It was again slow going through the Hamptons, but traffic eased significantly once I reached Route 24. I was back on some of the roads most familiar to my memory - the Long Island Expressway, the Sunken Meadow Parkway, Route 25A...and at 4:33, I reached the Village of Northport. Thankfully, all of the Northport High School graduation hoopla had died down, and I was able to enjoy a nice peaceful walk around downtown. I took a few last pictures for posterity, though I really didn't need them - I've got hundreds of shots of this area. One last trip over the hill and into Crab Meadow, and at 5:08 p.m., I rolled the Blue Trooper into the Ancestral Palace. After thirty-three days, eight hours, and fifteen minutes, and eight thousand, six hundred fifty-three miles, my car was right back on the very same patch of asphalt. I had done it. It was not without pitfalls and periods where I had to put in some work, but it was a blast and unquestionably a success, and I wouldn't trade the experience for anything in the world.

Pictures: Day 34 (Long Island)

PNR: the numbers and the aftermath...

"The Blue Trooper is underway."The final mileage...
The beginning......and the end.

Now that the blogging of the trip is all said and done, let's look at some of the vital statistics.

Initial odometer reading: 208,495
Final odometer reading: 217,148
Distance traveled: 8,653 miles

Departure from Northport: 2009-05-26, 08:53Q 1
Arrival in Northport: 2009-06-28, 17:08Q
Total duration of the trip: 33 days, 8 hours, 15 minutes (or 800:15)
Time spent behind the wheel: 155:01
Average speed: 55.82 mph
Best daily speed: Day 23 (Missoula - Bismarck), 75.6 mph
Worst daily speed: Day 34 (Groton - Northport), 35.9 mph

Intra-day stops: 191
Fuel stops: 37
Stops for rest due to fatigue: 2
Highest-priced gas: Patriot Gas, Leggett, CA ($3.309/gal)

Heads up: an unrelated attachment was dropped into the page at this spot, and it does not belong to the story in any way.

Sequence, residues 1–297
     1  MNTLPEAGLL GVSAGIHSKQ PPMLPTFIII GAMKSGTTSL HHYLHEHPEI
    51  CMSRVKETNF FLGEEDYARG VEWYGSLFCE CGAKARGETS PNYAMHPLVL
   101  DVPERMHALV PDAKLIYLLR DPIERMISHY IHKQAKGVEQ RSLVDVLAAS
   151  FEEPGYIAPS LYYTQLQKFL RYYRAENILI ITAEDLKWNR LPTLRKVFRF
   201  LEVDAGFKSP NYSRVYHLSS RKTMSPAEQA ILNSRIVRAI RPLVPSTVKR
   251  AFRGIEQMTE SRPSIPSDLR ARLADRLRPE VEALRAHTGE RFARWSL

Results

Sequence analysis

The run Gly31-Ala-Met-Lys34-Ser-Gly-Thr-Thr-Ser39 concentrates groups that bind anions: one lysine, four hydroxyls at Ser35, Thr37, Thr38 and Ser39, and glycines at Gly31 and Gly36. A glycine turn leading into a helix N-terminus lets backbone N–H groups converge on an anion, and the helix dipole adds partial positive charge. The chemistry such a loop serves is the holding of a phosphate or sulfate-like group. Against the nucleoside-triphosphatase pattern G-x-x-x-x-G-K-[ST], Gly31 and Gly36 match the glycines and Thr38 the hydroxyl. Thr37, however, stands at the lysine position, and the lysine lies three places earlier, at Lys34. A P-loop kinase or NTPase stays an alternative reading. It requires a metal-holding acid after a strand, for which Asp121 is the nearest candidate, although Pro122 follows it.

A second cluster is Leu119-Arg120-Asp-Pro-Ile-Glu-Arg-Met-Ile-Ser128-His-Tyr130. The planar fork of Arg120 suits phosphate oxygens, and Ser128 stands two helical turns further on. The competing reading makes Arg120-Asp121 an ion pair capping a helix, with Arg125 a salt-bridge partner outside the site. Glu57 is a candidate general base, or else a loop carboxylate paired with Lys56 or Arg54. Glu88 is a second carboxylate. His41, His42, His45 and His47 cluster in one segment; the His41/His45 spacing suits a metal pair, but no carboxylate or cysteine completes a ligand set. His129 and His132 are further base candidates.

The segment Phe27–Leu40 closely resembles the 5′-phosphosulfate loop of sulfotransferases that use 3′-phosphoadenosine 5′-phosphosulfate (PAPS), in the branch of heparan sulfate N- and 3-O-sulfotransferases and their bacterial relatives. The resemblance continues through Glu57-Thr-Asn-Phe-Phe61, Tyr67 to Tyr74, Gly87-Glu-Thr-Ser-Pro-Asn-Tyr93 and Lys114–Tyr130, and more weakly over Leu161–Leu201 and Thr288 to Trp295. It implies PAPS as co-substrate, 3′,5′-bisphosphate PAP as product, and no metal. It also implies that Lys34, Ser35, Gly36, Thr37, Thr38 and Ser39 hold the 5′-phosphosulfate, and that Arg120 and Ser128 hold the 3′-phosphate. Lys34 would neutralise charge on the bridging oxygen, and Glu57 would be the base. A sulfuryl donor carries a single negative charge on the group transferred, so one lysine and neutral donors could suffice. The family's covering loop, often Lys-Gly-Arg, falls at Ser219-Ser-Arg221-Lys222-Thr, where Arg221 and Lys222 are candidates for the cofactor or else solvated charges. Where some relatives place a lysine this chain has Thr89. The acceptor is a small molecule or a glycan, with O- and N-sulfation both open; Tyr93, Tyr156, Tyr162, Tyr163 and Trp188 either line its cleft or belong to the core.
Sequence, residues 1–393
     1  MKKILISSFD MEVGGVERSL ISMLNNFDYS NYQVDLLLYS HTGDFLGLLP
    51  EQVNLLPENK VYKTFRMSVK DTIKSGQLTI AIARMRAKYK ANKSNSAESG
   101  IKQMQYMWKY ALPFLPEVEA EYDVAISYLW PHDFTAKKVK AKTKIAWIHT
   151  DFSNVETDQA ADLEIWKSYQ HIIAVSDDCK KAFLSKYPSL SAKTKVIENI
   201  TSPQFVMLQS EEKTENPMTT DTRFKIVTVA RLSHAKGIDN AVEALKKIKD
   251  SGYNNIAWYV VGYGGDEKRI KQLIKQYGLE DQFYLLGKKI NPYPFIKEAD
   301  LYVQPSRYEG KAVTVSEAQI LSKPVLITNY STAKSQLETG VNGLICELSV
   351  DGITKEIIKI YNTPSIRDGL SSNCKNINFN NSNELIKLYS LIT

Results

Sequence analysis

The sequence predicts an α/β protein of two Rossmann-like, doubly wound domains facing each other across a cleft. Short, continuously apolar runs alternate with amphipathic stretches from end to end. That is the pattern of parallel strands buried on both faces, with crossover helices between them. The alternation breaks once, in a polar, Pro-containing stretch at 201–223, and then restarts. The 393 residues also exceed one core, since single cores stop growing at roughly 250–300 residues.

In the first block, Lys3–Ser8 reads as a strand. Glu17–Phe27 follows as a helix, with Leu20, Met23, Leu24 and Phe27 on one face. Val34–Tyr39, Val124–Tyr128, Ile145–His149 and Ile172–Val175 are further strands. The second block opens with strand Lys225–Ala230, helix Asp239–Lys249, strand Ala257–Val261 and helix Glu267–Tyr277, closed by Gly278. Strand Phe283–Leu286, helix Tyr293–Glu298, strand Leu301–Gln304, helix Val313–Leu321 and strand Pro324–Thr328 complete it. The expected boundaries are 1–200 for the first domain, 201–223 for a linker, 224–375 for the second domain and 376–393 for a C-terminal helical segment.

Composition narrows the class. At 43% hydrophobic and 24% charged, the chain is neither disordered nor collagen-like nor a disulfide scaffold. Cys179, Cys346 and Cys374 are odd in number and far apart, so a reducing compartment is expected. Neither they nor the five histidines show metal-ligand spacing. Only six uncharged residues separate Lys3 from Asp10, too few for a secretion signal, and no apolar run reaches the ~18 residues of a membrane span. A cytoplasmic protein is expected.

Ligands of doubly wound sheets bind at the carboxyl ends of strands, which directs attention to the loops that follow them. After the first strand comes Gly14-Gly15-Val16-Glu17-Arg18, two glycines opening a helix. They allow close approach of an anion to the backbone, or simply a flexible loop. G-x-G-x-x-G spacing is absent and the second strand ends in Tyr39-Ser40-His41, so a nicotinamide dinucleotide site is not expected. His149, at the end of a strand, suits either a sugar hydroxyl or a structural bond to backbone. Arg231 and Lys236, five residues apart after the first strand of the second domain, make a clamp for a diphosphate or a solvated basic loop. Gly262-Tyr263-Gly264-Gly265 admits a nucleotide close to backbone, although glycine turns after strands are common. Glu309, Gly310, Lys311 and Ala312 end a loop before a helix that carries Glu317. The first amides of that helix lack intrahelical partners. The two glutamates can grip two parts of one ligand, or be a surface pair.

Lowest-priced gas: Phillips 66, Kingdom City, MO ($2.299/gal)

Highest priced lodging: The Brown Hotel (Louisville)
Lowest priced lodging: Motel 6 (Kansas City)
Best value lodging: Quality Suites (Windsor)
Favorite lodging: The Hotel Minneapolis (Minneapolis)

U. S. states visited: 26
Canadian provinces visited: 1
Most time in one state: 149:04 (California)
Least time in one state: 0:38 (Arizona)
Complete list of time in each state/province

Dinner stops at breweries: 6 (Morgan Street, St. Louis; Wynkoop, Denver; Lost Coast, Eureka; Pyramid, Seattle; Rock Bottom, Minneapolis; Great Dane, Madison.)
Other local beers consumed: 5 (Anchor Steam, San Francisco; Red Hook, Seattle; Moose Drool, Missoula; Ithaca Partly Sunny, Ithaca; Harpoon IPA, Boston.)

Parking tickets: 0
Speeding tickets: 0
Times pulled over by law enforcement: 0

Upon arriving home, I was pleasantly surprised to find three checks awaiting me, combining for nearly $725. I also received in the mail some important paperwork from the Navy. It arrived exactly as I expected, meaning there would be some work to do on that ahead. But that could wait until Monday; in fact, given that it was already Sunday night, it would have to wait.

1 "Q" is the nautical designation for "UTC-04:00", or Eastern Daylight Time.

The "Battle of the Royally Screwed-Up Form DD 214"

This story is best told by using the Bill Simmons "running diary" / Tucker Max "time stamp" format.

23 April - I finish check-out from Memphis, and proceed to PSD New London for final separation processing. There are numerous issues with my Form DD 214, the piece of paper that officially affirms my separation from active duty. But one stands above all others. The form shows me being separated at paygrade E-5, but without mention of my selection for advancement to E-6. WHISKEY TANGO FOXTROT? I point this out, and the separation clerk informs me that she needs the exam scores. I don't have them, and the guy who can look them up isn't available, so she tells me to come back...the following Tuesday. Five days. Argh.